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VOL. XXIII, NO. 14.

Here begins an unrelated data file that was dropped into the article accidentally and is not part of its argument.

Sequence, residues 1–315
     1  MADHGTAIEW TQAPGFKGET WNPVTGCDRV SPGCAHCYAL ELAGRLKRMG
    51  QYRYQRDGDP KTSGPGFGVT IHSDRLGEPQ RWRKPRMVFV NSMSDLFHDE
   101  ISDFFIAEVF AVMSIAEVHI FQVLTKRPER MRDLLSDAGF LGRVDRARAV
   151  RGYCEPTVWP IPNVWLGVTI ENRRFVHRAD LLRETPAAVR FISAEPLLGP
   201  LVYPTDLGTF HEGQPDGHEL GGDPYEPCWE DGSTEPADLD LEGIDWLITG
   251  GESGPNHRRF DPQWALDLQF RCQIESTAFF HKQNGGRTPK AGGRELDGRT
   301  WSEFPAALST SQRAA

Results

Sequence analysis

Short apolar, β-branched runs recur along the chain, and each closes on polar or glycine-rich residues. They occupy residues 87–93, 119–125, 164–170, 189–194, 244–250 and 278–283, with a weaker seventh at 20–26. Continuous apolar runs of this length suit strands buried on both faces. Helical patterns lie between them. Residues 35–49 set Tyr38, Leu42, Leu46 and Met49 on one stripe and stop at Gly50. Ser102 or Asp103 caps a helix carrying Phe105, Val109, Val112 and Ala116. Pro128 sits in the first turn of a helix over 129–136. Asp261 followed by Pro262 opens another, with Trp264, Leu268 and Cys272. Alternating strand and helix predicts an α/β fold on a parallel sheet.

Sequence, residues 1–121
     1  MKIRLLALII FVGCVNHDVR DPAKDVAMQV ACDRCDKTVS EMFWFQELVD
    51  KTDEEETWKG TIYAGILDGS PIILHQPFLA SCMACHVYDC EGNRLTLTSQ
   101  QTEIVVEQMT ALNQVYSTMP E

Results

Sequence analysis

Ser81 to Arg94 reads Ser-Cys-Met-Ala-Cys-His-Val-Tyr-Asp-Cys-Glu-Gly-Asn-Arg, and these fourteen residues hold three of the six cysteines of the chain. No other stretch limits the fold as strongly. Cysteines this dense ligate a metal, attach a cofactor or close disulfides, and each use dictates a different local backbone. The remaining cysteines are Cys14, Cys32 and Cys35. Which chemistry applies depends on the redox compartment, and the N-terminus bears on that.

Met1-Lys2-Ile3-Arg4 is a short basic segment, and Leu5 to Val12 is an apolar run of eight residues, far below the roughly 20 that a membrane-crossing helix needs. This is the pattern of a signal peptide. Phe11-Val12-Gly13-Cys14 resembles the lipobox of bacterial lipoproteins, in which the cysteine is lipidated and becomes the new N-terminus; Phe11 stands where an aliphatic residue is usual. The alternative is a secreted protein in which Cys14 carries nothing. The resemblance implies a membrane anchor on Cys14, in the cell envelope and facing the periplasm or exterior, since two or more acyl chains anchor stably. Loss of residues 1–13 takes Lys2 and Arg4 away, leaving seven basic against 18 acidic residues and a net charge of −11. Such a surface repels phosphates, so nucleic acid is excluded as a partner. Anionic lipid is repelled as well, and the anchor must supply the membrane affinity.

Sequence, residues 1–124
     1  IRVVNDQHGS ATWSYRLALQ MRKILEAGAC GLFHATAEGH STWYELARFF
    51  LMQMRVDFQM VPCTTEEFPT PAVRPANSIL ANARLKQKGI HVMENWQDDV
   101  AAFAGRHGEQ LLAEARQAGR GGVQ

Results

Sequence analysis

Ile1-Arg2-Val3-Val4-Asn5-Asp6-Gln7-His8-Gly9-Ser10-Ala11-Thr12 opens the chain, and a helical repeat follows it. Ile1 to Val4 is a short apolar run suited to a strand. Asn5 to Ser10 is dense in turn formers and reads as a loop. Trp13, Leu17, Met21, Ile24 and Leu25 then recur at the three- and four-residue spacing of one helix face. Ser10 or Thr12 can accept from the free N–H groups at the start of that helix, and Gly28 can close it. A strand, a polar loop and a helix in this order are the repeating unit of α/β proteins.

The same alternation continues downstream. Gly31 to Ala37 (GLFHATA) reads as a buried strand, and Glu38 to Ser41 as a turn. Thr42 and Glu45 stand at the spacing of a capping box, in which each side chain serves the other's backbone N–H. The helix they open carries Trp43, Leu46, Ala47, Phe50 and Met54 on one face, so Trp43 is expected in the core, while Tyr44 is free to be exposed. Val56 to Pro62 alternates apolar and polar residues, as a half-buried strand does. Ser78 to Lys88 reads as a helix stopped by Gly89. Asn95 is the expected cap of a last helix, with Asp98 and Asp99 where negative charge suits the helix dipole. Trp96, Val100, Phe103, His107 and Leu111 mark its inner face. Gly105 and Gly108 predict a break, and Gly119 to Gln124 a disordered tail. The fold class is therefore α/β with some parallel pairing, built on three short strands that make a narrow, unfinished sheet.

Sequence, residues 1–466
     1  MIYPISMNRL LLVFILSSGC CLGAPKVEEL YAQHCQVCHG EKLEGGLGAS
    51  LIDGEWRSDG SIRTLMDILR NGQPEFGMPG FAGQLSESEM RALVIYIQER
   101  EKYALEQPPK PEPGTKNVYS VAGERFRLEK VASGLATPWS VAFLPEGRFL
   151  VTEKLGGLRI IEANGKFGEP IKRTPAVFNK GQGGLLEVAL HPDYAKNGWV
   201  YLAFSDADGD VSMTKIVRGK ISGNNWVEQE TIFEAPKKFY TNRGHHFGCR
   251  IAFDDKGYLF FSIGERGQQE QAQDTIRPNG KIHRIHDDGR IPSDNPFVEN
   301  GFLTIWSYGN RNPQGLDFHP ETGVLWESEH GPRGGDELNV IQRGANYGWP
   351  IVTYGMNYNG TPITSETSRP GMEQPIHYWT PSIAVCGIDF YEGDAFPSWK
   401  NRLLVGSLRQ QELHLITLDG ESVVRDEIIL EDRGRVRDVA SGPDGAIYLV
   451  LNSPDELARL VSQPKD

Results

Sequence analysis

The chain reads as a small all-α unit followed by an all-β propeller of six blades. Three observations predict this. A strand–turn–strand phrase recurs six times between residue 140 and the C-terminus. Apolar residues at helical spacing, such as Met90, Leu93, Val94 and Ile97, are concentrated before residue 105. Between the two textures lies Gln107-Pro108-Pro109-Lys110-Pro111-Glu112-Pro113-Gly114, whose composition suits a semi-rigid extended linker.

B. PERCHERONS—HEREFORDS NAMES SEVERAL GOOD HERDS NEAR HERE AS SHOWING GREAT IMPROVEMENT That Williams county and teiritory is going ahead along purebred lines faster than any other portion of the state is the interesting statement made by B. H. Critchfield, expert for the Dakota Farmer who was hetfe a short time ago. Among other things he said: "There are nearly a dozen breed ers of purerbred cattle and horses in this territory with sizable herds, sev eral of them numbering close to 100 head. The owners have been buying high-class sires and some of them are now looking for herd sires with the instructions to us to "get us the individuals let the price be second ary." This section is admirably fitted for stock raising. The alfalfa fields that are being developed in what used to be the worthless brush Jbottoms of the. Missouri River are a revelation to one who has not seen them. This year, with upland hay very short and scarce, most of these bottom alfalfa fields are yielding fairly good cut tings even with no rainfall. Most of them have been started by merely clearing the land and discing the al falfa seed in without plowing. There are still hundreds of acres of this bottom to be developed and when this is done the feed problem of "west ern North Dakota will be solved. Hereford Breeders in Williston The breeders of Hereford cattle in this territory are Frank Banks and W. S. Davidson. The Banks herd numbers over 100 head and the foun dation stock tame from the Petter son herd at Worthington, Minn., about seven years ago. Mr. Banks has used bulls of the best breeding to be se cured and had a son of Repeater two seasons. The hay meadows on the Banks ranch this year will yield in the neighborhood of 2,000 tons of al falfa and blue joint. In addition to his pure-breds, Frank Banks handles about 800 range cattle on the Berthold reservation in summer, winter feed ing them at the home ranch. W. S. Davidson's Hereford breed ing is only of short duration, but he has an excellent foundation for a high-class herd. The mam part of the herd was secured by the purchase of the entire herd of John Burkhart, of Omemee, N. D., this spring. This •was one of the best in the state, con sidering breeding and-, individuality. Mr. Davidson now has about 40 head ©f pure-bred cattle and is using: a bull that headed the Burkhart herd, bred by L. A. Pinard, of Wessington Springs, S. D. Mr. Davidson is a banker and business man but is giv ing his stock as much personal at tention as he can. Shorthorn Breeders Among the Shorthorn breeders in the Missouri River country is Jos. Wegley, who has about 70 head on his ranch eight miles southwest of Williston. His herd bull was secured from R. W. Aylor, of Grandin, N. D., last year. Wegley has plenty of al falfa hay to carry his cattle through the winter and is clearing more bot tom land for alfalfa seeding. L. C. Wingate has a herd of Shorthorns in the Yellowstone Valley that was im proved a great deal by one of Ring master's best sons. The herd bull now in use is imported "Lucifer," former ly at the head of the Donelly & Sons herd at Grafton. Across the Montana line a few miles Lowe & Powers of Cnlbertson are building up a high-class herd of Short horns. There men are both live wires and good stockmen and will pat this section on the map for good cattle. U. L. Burdick of Williston has one of the best Percheron studs in the whole country with about 40 top notch mares headed by "Paragon," one of the promising young sires of the breed, stallions and there are dozens of farm ers in this territory with from one to four or more pure-bred Percheron mares. This will make a Percheron breeding center in a few yean should become noted. Over at Arnegard the Stenehjem Bros, have a good-sized herd of Short horns and were looking for a herd bull the last time I saw them. Many Stock Sales This Fall Public sales of pure-bred stock have been rather slow getting started in WILLIAMS COUNTY MAKING BIG IN PUREBRED STOCK H. CRITCHFIELD SAYS THIS SECTION GOING AHEAD FAST ER THAN OTHERS Mr. Burdick is starting a Cecil Jackson, Reginald Jaynes, Les Shorthorn herd and has about 15 fe-1 ter Jaynes, Ellis Slater. The school males with a good breeding son of is also represented in navy by Campell Ringmaster at their head. U. L. Bur- Minckler who is attending the An dick has brought into this country a napolis Academy. Campell reports great many Percheron mares and very enthusiastically over his work and his opportunities and urges that others of his school mates would try for the same position. North Dakota, no doubt on account be most cordially welcome. of the heavy demand in times past and also due to the fact that breeders have sold very closely of their sur plus. Realizing the advertising value to the breed as a whole and to them selves, coupled with shortage of feed in some sections, several breeders have decided to make drafts this fall and offer them to the public. Several of the county breeders associations and the state livestock breeders as sociations plan on sales this fall and winter. The sales that have been con ducted by these associations in the past have been successful, although mixed breeds were sold. With proper inspection and elimination of inferior animals from sales of this kind there is no question but that they can be made the means of not only clearing up the small breeders' surplus but also enable beginners to secure their foun dation stock right at home. HAMPSHIRE SHEEP FOR EXPERIMENTAL STATION STJPT. RUZICKA SELECTS FOUN DATION FLOCK FROM KEN TUCKY AND OHIO FLOCKS Supt. Chas. H. Ruzicka, of the Wil liston Experiment Station, has just returned from a couple of weeks with Prof. W. H. Peters, annual husband man of the North Dakota Experi ment Station, in Kentucky and Ohio, purchasing a foundation flock of Hampshire sheep for the Williston farm. Mr. Ruzicka has been in charge of several sheep feeding tests in the past few years which have been very successful and sees an oppor tunity in the northwestern part of North Dakota for a place for a small band of sheep on every farm where the owners will give them the re quired attention. With alfalfa pro duction pssible throughout this ter ritory sheep feeding should follow naturally and When farmers are able to purchase breeding stock there will no doubt be many flocks established. Woo! in the spring,and lambs in the fall, both at extremely high prices, -make this phase of stock raising very attractive. A small bunch of the sheep bought arrived this week and Mr. Ruzicka expects from this start to have good breeding stock at hand for all farm ers who desire to start pure bred flocks. It is believed that this fea ture will be an important one in the development of many of the farms of this section. HONOR NEW SOLDIER ALBERT GUGGEDAHL OF CLASS 1917, FIRST W. H. S. STUDENT CALLED TO COLORS Special assembly of the two high schools was held on Tuesday in the school auditorium in honor of Albert Guggedahi, who goes to Ft. Dodge at Des Moines, and other members of the graduating class of last year. The singing of the Star Spangled Banner and the Williston High School song, under the direction of Miss Cooper was enthusiastic. The speakers for the assembly were Miss Gill, Mr. Clayton, Albert Guggedahi and Mr. White. While Albert is disappointed in not being able to enter college this fall, he is apparently eager to respond to his country's call and without ques tion will maintain an honorable stan dard as a representative of our school. While our list of former students in Co. E is large, Albert is the first rep resentative in the newly organized army The high school is represented in Co. E by Mr. Vettel, a former mem ber of the faculty, Ben Craven, Ed ward Craven, Walter Shikany, Wil- lard Sween, Howard MacDonald, Assembly of the two high schools that is always an interesting gathering. The more than three hundred of our pupils represent untold opportunities of the future and many of them seem fully aware, particularly dur ing this war, of school value. It is always understood that parents or others interested in the assemblies or in any phases of the school work will Photos by Amcriean Preaa Association. Williston High School is going ou after the state title in foot ball this fall. This was the unanimous deci sion of the faculty, coaches and prospective candidates following the selection of about twenty five men by coach J. P. Cutting at the first prac tice Saturday evening. With two complete teams working, Coach Cutting will have a better op portunity than ever before to direct a foot ball team in local High School,1 and with this an assured fact, he is go ing ahead to demonstrate to the en thusiasts that no school in the state has better material than Williston. Faculty members who are interested in athletics headed by Superintendent White, are taking great interest in the foot ball plans for this season and Williston is going to loom big on the gridiron this fall. Williston Graphic Our Country! In Her intercourse with foreign nations may She alwaya be right But our country, right or wrong.—Stephen Decatur. THEY HOPE TO WIN WAR IN AIR Members of the joint army and -'V- S N S a a it A WILLISTON TEAM IS SHOWING STRONG IN EARLY TRAINING —TWO SQUADS AT WORK WILL PLAY SOLDIERS The victory over the Alumni starts the H. S. boys well in their work fo rthe year. On Friday at four o'clock the High School con tests with the men of company E, and while superior age and weight will handicap them, those who have seen the boys at work feel confi dent that they will contest every inch of the way, and with the of fensive play they are developing, will cause the soldiers to hold well to their trenches. Superintendent White has promised Williston fans that if at all possible, Touchdown—H. Jaynes, H. S.~ 6 Williston will face both Grand Forks Goal—Ike Bruegger, H. S 1 and Fargo within the next two sea-j sons, and it is hoped that each of these Goal—R. Jaynes, Alumni teams will be played before the 1917 curtain is rung down. The plan now in mind is to bring or and pen and ink sketches that sfel COUNTY JAIL Ul illl ARTIST AND PICTURES 60 TO WINDY CITY It is not every county jail in the great deal of his work has been sold, state that can boast of an artin (yes, both. l?»«y the jail, shows at least that this work a really, truly artist that paints col- .g V-'.'i •hi ww** navy technical aircraft board who will play a part in the proper expenditure of the $540.«hmi,000 aircraft fund. In the upper row. from left to right, are Captain Kdynr S. Gonell. IJ. S. A. Assist ant Naval Constructor Jerome (J. IIunsai'Kc:. I' S. N. Lieutenant John H. Atkins. TJ. 8. .V Major Honjainin I). Fmilois. I'. S. A. Inserted is I he picture of Captain Vlrtrf»iits Clark. U. S. A., also a n:et il»er of th» liuanl. High School Boys Out For State Gridiron Title Fargo here one year and play Grand Forks on their field, and the next year tp make the trip to Fargo and play the Forks team here. While this will entail considerable expense, a season ed High School team will justify it and put Williston on the map in foot ball in no uncertain way. The first game of the season was played last Friday afternoon against I the Alumni team and resulted in vie tory for the school by a narrow mar I gin of nine to seven. I The High School boys showed great work for the few evenings practice. The Alumni scored a touch dovn in the third quarter and kicked goal making a final score of nine to seven. The high school team drew first blood in the opening contest scoring on a safety in the first few minutes of play. The Alumni touchdown then put the high school lads in the hole but with one minute of play Ike Bruegger nabbed a pass and in seven straight plays the students took the pj^iTin^ over the" line. ,luegger attracting aff0 a on their merit) Willis* 11 can.—And the pictures displayed in the Hamre the jail part of the story is so unim- store. sortant that we'l! dispose of it at! Born and raised in Montana, and once. reared on the roundup, this young A young man, aged twenty four,! man's work deals almost exclusively of Montana, named Joseph R. Breck- with scenes of "the last west," "the enridge, collided with the month old end of the trail." They are vivid and bone-dry laws of North Dakota in graphic, and while the water colors the early part of August. Result,' remind you instantly of Russell, ^and ninety days. That's all. the pen and ink sketches, of Reming- But the interesting point is that as ton, they are entirely original. They long as he must stay in jail, he is have been seen and have been appre putting in the time developing a latent ciated. They sell, and that proves talent for art, and the fact that a something. Jaynes car- ried the ball in six out of seven of the plays. Following is the line up of the game: L. E...Cormany & Staley „L. Jaynes, L. L. Slater Boyd Packard, .... Harvey Esta Keltner .... Greengard Gordon .... Jaynes .... Kulas Levitt & Lodusquet..F...Bruegger, Pete I WILLISTON, WILLIAMS COUNTY, NORTH DAKOTA, THURSDAY, SEPTEMBER 20, 1917. $1.50 PER YEAR IN ADVANCE Field Levitt, A. & Shikany ...R. Bruegger, Ole R. E Jaynes, R. O. Loughlin L. Craven R. MacDouald Touchdown—R. Jaynes, Alumni Safety—High School 2 9 7 attention. A few days Chicago woman bought one of BIG CROWD AT STATION WHEN SECOND QUOTA OF MEN START —FAREWELLS NUMEROUS COMPANY E LEADS MARCH MANY PEOPLE OF COUNTRY COME HERE WITH DRAFTED MEN—REPORT PROMPTLY KIT CAME HANDY Dollar patriotism came to light in Williston this week when one of the drafted men reporting here Tuesday night was forced to put up his comfort kit as security for a room in a local hoteL The man had only a few minutes to catch the train when he left his work Tuesday and had no oppor tunity to get a check cashed. When he came here he expected he would be treated civilly but when he applied for a room and stated his predicament the hotel keeper exacted the comfort bag as secur ity. So you never can tell just how much good the little comfort kits are going to do the soldiers. l_ With martial music sounding above the cheers, with Old Glory unfurled to the autumn breezes, and with tears and smiles crowding each other on the faces of the farewell crow, Wil liams county started her second draft quota on the way to the cantonment at Camp Dodge Wednesday morning. The quota of men who left here had reported the day before and had been LIEUT. ERICKSON TO BE BENEDICT ANNOUNCEMENT IS MADE OF ENGAGEMENT TO MISS ALICE lONE BORDEN One of the most interesting social affairs of the fall season was the an nouncement party given Monday even ing at the home of Mr. and Mrs. M. J. Borden at which announcement was made of the engagement of their daughter, Alice lone, to Lieut. Carl Erickson of Company E. About# thirty young ladies attended the affair. The home was draped in the national colors interspersed with insignia of autumn. The party osten sibly was for the purpose of teaching the young ladies the work of knitting fo rthe Red Cross and for some time frreat fun was had with this diversion. However just before luncheon a great American flag which was draped across one corner of the dining room was removed and the secret develop ed when one of the envelopes opened announced that Alic lone Borden and Lieut. Carl Erickson would be wed be fore Company E leaves for camp. The date of the wedding has not yet been announced. Miss Borden 1 has been connected with the First1 National bank of this city and is one of the popular young ladies of the city. Mr. Erickson was also at the bank before being caled to the colors and the friends of both will wish them the best in life. SUDDEN DEATH OF PETER MUDSON IN ROBUST HEALTH TUESDAY EVENING AND DIED WEDNES DAY NOON FROM RUPTURED ARTERY Peter Knudson, a well known Wil liston man died very suddenly Wed nesday morning from the effects of a ruptured artery which he suffered during a fit of coughing. Mr. Knud son was in good health and about town Tuesday night an dthe news of his death came as a shock to his many acquaintances. Mr. Knudson was a farmer but lived with his family in Williston, running the farm and dealing in stock. He was about 41 years of age and leaves a wife and four children. The funeral will be held at 2:00 o'clock Saturday afternoon with Rev.! Monson in charge. 1 SECOND QUOTA SOLDIERS AT CAMP DODGE TODAY The matter was reported to Sher iff Strom and County Attorney Owens and both went to the place and after telling the inn keeper a few things they handed over a dol lar and secured the kit. in charge of the local board through the night. All day long the men had been coming from the various sections of the county and little groups of peo ple had accompanied them here for the "Goodbye, and God Bless You" repeated hundred of times. The scenes were not without tears but Williams county soldiers and those they left behind all showed their common pur pose to stay by flag and country and to respond to the call no matter how difficult it seemed. There was little in the way of dem onstration at the Great Northern sta tion. Company E marched to the train with a drum corps at their head. The drafted men assembled at the station and were checked in by the local board. Then there was a short time for all to say goodby and the train moved away. There was a big crowd of railroad, men on hand to say farewell to Ed ward Bruegger, shop foreman. He has been one of the most popular men in the Great Northern employ and while proud to be represented by such a man the boys were loath to see him go. Members of his force re membered him with a Masonic ring, presented at a gathering the night before the soldiers left. Throughout the county, people have been active for the past few days ar ranging for the drafted men. At Alamo, the town people pre sented them yith comfort kits and a supper. The people of Hanks, gave their boys a supper and a purse of $30.00 while Grenora people gave a. supper Monday night. At Tioga and Ray the banks gave* them suppers two weeks ago, and thfc ladies supplied them with comfort, kits. At Wheelock, a dance was given in their honor Saturday night, but the one soldier from Epping fared best, of all. Albert Kirkendahl, the lucky one, reports that forty or fifty of his neighbors gathered at his home and after entertaining him generously,, presented him with $30.00 with which, be bought a kodak. Following are the names of the drafted men who left for Camp Dodge, at 7:30 Wednesday morning: Ferdinand Lynch. Bennie Selland. Ralph Severin Siverson. John Louis Lee. Thomas Thompson. Edward Bruegger. Peter N. Yondahl. Albert Guggedahi. Charles H. Wiltse. Leonard E. Erickson. Peter Shae. Carl R. Anderson. Gunnard Carlquist. Bernard Sveen. Alvin Theodore Larson. Elmer William Murray. Harvey M. Broughton. Henry Frye. Nels Talvor Nelson. Lee Pankeney Gray. Lars Larson. Clarence Williams. Harrison Earl Webb. Ben M. Brevick. Gust Leonard. John Nelson Hiller. Jacob Ebensteiner. William Walters. Joseph Renville. James Upton Noggle. Erven O. Wagner. Edwin Randall. Nels Frederickson. Arthur John Sundquist. Walter Holten. Anton Carlson. George Perry Kitchen. Henry Martin Evjen. William Ti OShaughnessy. Einar Krogh. Victor Dunn. Henry Anders Lind. Oscar Lars Lindblom. Earl Herman. Chester M. Beck. Earl Desmond Bums. Harry Berg. Edward Neitzke. John Landers. John T. Grinolds. Earp J. Marxson. William C. Watt. Lloyd Oscar Graves. Andrew O. Moline. Joseph Wendel. Arthur Bruun. Henning Carlson. Lachlan Shaw. Herman Landsman. Peter Huravitch. Rollin S. H. Safford. Rex E. Daw. Richard Gronseth. Jens Emil Neilsen. Alternates Herman Walter Monson. Leo Matt Blanchette. Nick Jarosezewski. Edwin Norman Swensop. Carl Fritz Lundquist. For Credit Quota 71 Men George Edward Misz. Emil Albert Lohrke. 1